Buying a property in France

  1. THE PRELIMINARY CONTRACT (Promesse or Compromis de vente)

One of the singularities of the French system is having a preliminary contract signed at the start of the process which may either be drawn up by an estate agent or by a Notaire. This contract can be called a “Promesse de vente” or a “Compromis de vente”.

When the contract is ready, the Notaire or estate agent invites sellers and buyers to a meeting to sign it. You will then be asked to transfer a deposit usually amounting to 5% of the purchase price. Bear in mind that although you are only required to transfer 5%, you are legally bound to a payment of 10% if you withdraw without a good reason.

Once the contract is signed, you will have a 10-day cooling-off period during which you will be able to withdraw from the purchase without losing your deposit.


As soon as the cooling-off period has expired, as a buyer, you are legally bound to the purchase. However, if through no fault of your own, any of the “suspensive conditions” of the contract are not fulfilled by the date specified in the contract, you will be released from the contract and will be able to recover your deposit. If the purchase is subject to a loan / mortgage being granted, the usual timeframe is 2 months from the preliminary contract.

If the loan / mortgage is not granted, the buyer can exit the preliminary contract without losing the deposit. Be careful to stick to the terms of the loan agreed in the preliminary contract to avoid potentially losing the deposit.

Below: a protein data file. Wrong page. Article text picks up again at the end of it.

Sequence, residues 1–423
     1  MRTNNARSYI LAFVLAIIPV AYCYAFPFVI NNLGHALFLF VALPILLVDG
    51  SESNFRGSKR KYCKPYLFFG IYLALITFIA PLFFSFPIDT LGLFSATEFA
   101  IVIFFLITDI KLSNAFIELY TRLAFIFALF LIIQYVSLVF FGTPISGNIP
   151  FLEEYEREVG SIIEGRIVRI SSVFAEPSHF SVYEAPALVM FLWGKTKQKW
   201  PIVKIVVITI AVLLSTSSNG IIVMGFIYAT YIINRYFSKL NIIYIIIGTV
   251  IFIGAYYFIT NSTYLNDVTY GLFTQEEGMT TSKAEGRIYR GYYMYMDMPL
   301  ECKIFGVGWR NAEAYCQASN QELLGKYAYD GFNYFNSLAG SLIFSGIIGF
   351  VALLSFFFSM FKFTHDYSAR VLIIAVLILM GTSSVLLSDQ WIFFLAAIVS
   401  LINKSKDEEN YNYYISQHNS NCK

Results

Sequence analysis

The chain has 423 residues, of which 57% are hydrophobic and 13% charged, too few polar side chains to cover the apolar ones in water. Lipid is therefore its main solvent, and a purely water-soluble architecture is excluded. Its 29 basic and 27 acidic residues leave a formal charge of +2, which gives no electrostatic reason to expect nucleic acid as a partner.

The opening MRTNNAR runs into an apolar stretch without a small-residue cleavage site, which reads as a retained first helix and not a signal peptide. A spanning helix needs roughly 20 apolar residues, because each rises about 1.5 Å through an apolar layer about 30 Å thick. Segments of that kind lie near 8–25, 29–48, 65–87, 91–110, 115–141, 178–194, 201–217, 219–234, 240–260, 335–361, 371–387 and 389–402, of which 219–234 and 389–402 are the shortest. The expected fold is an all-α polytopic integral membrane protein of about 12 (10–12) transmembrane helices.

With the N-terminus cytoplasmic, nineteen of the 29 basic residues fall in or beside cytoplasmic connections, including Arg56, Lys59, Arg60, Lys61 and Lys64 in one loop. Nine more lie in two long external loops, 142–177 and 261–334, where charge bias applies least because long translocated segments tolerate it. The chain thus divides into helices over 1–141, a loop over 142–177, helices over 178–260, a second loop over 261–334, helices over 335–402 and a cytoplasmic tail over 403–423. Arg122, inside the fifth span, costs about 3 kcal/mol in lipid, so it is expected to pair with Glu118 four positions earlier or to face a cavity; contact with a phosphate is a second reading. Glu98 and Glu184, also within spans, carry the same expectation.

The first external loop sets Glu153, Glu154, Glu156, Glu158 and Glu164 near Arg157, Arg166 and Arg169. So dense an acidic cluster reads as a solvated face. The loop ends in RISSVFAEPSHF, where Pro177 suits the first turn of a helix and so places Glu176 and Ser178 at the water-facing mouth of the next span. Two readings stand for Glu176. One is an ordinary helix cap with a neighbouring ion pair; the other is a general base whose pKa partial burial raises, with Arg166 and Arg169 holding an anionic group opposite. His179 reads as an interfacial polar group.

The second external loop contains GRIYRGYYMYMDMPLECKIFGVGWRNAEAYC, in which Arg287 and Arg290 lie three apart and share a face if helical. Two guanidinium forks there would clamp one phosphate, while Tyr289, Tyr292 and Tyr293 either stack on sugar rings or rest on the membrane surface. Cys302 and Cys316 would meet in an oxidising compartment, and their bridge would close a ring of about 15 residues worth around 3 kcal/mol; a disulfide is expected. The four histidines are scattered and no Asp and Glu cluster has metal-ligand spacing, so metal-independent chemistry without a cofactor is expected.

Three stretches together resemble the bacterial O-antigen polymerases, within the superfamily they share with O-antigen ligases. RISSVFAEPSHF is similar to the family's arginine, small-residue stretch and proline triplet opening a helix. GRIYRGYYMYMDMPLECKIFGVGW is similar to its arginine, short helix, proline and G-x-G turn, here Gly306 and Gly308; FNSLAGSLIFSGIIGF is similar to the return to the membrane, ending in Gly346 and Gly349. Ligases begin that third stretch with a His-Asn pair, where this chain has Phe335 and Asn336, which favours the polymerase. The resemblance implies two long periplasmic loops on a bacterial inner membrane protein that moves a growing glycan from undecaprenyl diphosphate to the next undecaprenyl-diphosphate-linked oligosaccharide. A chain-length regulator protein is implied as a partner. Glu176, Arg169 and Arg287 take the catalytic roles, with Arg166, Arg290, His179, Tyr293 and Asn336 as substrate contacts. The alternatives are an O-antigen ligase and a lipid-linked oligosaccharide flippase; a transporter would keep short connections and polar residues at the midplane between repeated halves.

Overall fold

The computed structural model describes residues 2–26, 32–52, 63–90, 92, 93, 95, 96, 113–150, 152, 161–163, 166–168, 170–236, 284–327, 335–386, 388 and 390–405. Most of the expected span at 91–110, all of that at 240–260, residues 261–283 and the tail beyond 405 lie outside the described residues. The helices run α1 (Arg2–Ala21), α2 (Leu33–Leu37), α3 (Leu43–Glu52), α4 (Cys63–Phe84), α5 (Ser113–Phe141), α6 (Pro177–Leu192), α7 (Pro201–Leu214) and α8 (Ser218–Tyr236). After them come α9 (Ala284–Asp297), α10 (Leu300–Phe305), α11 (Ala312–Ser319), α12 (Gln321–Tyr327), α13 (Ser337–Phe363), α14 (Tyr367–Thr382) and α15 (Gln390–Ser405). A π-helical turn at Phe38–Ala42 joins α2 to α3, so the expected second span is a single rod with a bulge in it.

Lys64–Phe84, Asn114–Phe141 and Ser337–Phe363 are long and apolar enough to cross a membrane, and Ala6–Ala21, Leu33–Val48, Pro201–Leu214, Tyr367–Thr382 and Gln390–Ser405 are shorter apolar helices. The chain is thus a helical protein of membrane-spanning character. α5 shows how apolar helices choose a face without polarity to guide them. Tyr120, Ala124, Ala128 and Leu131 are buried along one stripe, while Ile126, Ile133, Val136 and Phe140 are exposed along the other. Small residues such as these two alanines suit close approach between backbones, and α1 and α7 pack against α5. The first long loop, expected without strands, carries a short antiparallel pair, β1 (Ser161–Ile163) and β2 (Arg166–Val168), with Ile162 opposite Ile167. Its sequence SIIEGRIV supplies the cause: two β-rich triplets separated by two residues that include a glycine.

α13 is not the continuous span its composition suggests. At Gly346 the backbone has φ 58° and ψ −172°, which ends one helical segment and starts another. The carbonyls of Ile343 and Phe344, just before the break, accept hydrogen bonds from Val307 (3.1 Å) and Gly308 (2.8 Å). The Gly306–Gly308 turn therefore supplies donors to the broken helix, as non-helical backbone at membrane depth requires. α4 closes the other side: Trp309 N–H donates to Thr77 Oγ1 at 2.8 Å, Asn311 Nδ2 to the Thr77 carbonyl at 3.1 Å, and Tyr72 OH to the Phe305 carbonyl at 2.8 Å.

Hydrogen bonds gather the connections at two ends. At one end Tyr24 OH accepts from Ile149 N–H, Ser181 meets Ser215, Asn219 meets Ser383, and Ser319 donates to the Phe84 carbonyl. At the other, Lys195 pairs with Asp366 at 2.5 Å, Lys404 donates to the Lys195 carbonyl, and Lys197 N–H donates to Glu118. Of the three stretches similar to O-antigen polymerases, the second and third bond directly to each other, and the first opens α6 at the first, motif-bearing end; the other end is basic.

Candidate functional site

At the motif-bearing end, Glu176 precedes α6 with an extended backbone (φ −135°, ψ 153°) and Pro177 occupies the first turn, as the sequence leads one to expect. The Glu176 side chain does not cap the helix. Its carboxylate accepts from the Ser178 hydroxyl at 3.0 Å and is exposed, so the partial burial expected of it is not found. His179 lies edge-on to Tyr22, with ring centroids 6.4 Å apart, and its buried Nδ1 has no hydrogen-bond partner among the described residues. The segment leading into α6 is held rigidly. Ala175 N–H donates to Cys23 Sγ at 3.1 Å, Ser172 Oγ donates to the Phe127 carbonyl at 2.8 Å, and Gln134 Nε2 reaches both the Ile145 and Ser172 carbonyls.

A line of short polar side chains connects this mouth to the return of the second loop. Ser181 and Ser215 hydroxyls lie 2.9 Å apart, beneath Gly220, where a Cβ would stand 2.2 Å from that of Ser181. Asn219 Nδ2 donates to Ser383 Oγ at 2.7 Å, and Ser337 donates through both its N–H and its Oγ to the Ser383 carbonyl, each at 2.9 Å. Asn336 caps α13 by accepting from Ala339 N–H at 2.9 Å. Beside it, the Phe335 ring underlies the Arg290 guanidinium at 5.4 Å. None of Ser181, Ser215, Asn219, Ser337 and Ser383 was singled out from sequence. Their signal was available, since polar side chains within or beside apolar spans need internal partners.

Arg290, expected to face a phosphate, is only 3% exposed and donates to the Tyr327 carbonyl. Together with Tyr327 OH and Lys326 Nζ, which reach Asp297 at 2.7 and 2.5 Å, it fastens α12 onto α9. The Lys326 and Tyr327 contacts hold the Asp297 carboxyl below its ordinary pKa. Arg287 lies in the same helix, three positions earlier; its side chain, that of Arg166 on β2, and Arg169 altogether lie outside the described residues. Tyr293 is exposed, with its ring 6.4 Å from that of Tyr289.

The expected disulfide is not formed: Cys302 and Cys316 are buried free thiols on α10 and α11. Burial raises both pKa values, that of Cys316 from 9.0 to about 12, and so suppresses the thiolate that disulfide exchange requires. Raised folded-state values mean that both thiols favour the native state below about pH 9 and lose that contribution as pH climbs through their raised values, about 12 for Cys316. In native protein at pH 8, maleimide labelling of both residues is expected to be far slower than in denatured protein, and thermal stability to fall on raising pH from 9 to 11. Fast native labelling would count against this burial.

Usually, completion takes place 3 months after signature of the preliminary contract, once all the “suspensive conditions” have been lifted.

Before the completion, as a buyer, you are requested to transfer the balance of the purchase price, taxes and fees to the Notaire’s office account. Please note that in France the buyer pays all the transfer fees, which include stamp duty (about 7%) and the Notaire’s fees (about 1%) of the purchase price.  

Completion will then take place in the Notaire’s office by signature of the final Transfer Deed (“Acte de Vente”). As for the preliminary contract meeting, the parties can attend in person, via videoconference or sign a power of attorney.

The price will be paid through the Notaire’s office account and the keys will be handed to the buyer during the meeting or given to the estate agent if the parties are not present.  
The Notaire will later carry out the registration of the transfer, together with all the legal formalities.


The Notaire is a public officer who has to ensure that the legal process is correctly followed, to register transfers and collect taxes. His/her main duty is to authenticate contracts. S/he has to give advice to each party, equitably, if needed. Nowadays, it is very common for both parties to have their own Notaire.

The Notaire’s fees are fixed and regulated by the law and cannot be negotiated. French law guarantees that the costs remain the same for all clients. (In case where several Notaires are involved, they split the costs between them).

If you would like to buy a property or if you need more information about conveyancing, we invite you to contact us at: Our team of bilingual specialist lawyers assist our international clients in their personal and professional matters including the purchase and sale of properties.